As well as publishing the strategic business plan, Network Rail also published an accompanying document, A Better Railway for a Better Britain, outlining ten key commitments for the future, including investing in new technology, building partnerships with customers and suppliers and investing in infrastructure today to both save long-term costs and build on its record for running one of the safest railways in Europe.

Here is Network Rails strategic business plan which they say covers the period from 2014 to 2019 (known as control period five, or CP5).

Investing in infrastructure

Network Rail say LNE route highlights:

  • Northern Hub project (£560m) creates 20,000 jobs and increases rail capacity across the north of England by 700 services per day. LNE element includes (£45m) doubling Dore junction and Calder Valley journey time improvement
  • Electrifying the trans-Pennine route (£179m) including Selby to Micklefield and introducing new, more reliable and faster trains
  • ECML connectivity (£240m) to address key bottlenecks
  • Leeds station (£13.6m) new platforms to improve capacity
  • Huddersfield station (£10m) capacity - please note an earlier version stated Harrogate in error. We apologise for this error
  • New turnback facility at Micklefield (£10m)
  • Turnbacks at Stevenage and Gordon Hill (£28m)
  • Improvements for the Intercity Express Programme (£77m) and power supply upgrade (£198m)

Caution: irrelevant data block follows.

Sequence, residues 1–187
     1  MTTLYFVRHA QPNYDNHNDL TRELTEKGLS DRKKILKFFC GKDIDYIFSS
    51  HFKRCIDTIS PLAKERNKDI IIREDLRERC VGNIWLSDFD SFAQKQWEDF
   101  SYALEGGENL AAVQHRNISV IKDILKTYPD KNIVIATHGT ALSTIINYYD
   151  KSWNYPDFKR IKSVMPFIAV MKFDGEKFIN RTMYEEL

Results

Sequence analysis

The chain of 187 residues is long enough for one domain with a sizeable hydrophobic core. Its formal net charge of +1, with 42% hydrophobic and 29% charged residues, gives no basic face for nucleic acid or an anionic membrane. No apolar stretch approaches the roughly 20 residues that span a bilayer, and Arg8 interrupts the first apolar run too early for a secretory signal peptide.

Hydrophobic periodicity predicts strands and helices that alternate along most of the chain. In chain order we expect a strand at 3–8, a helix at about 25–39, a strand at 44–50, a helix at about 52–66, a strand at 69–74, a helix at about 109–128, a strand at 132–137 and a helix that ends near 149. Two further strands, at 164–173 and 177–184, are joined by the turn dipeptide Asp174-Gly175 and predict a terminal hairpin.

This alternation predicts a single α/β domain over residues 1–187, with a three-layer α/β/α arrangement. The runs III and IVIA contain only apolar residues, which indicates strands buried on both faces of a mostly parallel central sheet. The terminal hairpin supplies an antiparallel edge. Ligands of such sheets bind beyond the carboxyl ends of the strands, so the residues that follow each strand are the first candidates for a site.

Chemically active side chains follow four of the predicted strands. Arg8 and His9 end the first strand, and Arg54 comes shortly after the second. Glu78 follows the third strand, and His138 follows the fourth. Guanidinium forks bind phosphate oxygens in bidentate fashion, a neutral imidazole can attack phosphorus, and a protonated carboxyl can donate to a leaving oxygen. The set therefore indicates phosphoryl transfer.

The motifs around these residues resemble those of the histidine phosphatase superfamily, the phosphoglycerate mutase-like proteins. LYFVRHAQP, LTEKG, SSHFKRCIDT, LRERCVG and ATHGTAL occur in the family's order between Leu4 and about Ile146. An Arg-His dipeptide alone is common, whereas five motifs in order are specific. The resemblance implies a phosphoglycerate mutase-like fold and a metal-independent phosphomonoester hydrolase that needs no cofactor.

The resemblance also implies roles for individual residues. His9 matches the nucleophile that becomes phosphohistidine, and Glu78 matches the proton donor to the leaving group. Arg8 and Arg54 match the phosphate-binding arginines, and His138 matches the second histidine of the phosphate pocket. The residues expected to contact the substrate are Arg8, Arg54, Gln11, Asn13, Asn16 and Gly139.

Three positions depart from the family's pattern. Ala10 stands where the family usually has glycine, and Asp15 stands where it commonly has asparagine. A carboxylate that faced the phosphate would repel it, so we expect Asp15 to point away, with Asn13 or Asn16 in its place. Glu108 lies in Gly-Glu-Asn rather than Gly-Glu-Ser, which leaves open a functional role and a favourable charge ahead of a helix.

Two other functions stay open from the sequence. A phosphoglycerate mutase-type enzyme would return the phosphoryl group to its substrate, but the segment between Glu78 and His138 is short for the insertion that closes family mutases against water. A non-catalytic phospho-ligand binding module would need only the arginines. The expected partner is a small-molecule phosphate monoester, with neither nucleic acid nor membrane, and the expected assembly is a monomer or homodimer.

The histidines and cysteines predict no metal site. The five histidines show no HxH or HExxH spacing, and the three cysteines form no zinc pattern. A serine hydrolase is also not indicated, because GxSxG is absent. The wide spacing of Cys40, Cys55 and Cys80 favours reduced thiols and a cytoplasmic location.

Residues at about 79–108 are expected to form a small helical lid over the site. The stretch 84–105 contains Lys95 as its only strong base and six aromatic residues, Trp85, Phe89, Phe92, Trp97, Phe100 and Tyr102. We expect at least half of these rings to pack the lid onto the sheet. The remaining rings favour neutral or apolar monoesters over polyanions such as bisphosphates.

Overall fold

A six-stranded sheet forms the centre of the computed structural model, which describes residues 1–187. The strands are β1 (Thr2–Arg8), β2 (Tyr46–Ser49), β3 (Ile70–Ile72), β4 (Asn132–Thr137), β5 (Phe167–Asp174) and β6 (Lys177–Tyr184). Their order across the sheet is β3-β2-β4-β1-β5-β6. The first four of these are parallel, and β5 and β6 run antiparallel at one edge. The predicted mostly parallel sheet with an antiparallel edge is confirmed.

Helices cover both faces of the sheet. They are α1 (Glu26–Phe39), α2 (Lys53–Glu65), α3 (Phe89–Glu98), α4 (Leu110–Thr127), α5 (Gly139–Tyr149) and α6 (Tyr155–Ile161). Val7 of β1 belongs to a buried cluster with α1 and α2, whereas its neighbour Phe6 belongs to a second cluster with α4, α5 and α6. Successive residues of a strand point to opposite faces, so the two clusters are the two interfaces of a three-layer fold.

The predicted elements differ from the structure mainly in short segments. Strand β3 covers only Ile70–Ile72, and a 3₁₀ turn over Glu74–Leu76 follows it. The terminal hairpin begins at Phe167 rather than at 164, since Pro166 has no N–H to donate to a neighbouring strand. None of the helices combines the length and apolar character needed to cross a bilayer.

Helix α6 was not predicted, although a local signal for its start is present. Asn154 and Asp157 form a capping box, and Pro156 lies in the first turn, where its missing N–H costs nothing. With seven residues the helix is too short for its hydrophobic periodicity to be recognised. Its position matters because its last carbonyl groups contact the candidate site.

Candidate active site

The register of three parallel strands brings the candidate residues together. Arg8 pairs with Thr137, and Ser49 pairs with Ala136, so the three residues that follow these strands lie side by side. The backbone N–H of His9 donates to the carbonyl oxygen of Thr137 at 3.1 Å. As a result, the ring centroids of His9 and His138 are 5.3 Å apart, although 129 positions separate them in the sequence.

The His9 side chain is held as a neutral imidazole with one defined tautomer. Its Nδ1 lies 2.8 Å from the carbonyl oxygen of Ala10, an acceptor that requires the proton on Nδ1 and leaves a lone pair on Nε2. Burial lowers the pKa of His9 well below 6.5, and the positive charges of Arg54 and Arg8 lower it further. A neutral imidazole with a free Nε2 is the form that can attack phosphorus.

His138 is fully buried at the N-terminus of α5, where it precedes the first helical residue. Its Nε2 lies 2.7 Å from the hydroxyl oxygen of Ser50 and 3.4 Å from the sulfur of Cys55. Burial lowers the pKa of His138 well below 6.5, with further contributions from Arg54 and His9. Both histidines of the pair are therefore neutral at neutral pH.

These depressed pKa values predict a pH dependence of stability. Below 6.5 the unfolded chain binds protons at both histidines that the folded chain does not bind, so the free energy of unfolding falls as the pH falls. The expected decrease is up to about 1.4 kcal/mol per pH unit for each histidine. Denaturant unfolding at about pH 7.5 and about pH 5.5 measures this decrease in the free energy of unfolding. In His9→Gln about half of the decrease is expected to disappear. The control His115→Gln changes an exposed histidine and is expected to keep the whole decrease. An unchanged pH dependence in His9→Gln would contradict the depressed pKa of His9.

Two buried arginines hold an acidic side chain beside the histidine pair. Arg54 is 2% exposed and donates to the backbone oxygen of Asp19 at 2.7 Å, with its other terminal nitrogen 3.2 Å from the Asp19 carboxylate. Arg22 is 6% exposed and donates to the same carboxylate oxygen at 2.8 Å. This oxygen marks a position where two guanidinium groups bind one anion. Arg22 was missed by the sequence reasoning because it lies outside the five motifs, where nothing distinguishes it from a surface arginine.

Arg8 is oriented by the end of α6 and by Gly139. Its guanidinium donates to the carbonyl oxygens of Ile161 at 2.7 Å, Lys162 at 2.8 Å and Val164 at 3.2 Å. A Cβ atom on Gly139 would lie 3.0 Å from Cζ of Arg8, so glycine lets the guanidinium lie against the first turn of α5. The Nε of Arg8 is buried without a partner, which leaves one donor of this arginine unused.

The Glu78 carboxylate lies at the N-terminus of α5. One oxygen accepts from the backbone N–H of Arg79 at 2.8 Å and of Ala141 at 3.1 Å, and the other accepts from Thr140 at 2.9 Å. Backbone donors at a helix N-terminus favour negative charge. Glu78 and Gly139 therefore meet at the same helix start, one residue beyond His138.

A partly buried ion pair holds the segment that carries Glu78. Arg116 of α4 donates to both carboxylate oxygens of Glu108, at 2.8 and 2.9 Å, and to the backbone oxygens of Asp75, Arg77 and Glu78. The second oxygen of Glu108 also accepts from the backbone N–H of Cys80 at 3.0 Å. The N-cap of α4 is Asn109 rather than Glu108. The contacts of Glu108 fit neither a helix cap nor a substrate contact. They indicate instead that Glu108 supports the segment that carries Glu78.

• Tram Train pilot (£13m) connecting to Sheffield Supertram
  • Renewals of existing assets (£2.1bn); track, signalling (including introduction of ETCS), buildings, electrical & plant and civils (structures and earthworks)

Nationally, Network Rail say the plan will deliver a railway that:

  • Moves 225m more passengers per year and carries 355,000 more trains – the highest numbers ever seen on Britain’s railways
  • Provides 20% extra morning peak seats into central London and 32% into large regional cities in England and Wales
  • Delivers a step change in connectivity between regional centres e.g. 700 more trains a day linking key northern cities and a ten minute reduction in journey time between Manchester and Leeds
  • Carries 30% more freight than today
  • Maintains record levels of performance, with expected PPM (public performance measure) of 92.5% by the end of CP5
  • Is future-proofing critical infrastructure such as 30,000 bridges, embankments and tunnels against the impact of changing weather patterns, including flooding
  • Has cut CO2 emissions per passenger by 37% – the equivalent of one million lorries off of our congested roads – and has hundreds of miles more electrified railway
  • Is the safest in Europe, reducing risk at level crossings by 8% in CP5
  • Continues to modernise antiquated signalling equipment as part of a plan to move away from over 800 signal boxes to 14 major operations centres, allowing us to run more trains closer together, safely and reliably

Is more efficient, reducing the cost of running Britain’s railways by a further 18% and cutting annual public subsidy to between £2.6bn and £2.9bn in 2019 – down from £4.5bn in 2009 and £7bn in 2004